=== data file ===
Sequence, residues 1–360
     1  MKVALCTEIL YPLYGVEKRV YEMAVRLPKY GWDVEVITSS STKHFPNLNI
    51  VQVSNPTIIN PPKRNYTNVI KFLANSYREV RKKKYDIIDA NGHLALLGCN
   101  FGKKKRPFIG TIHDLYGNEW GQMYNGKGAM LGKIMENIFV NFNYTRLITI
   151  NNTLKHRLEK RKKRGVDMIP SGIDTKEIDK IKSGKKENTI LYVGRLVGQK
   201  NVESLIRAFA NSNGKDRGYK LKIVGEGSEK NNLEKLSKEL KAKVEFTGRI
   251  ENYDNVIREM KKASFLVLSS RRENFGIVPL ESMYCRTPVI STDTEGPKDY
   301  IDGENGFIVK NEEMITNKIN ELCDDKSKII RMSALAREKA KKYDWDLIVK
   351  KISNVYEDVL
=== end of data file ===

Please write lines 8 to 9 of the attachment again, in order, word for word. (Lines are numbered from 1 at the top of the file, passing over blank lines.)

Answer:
   301  IDGENGFIVK NEEMITNKIN ELCDDKSKII RMSALAREKA KKYDWDLIVK
   351  KISNVYEDVL